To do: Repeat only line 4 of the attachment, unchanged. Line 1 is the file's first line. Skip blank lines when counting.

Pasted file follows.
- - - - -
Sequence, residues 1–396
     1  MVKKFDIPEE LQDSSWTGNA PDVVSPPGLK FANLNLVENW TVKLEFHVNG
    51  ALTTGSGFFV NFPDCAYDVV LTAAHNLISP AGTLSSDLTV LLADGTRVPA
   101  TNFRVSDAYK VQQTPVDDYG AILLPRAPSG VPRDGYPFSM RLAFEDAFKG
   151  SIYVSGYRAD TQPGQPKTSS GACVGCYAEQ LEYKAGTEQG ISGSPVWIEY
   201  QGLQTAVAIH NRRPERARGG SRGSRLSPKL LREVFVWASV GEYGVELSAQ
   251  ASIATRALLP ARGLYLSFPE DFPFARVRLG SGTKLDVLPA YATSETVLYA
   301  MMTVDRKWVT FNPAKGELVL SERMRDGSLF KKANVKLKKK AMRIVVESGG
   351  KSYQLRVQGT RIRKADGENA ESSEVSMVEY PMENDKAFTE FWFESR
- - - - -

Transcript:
   101  TNFRVSDAYK VQQTPVDDYG AILLPRAPSG VPRDGYPFSM RLAFEDAFKG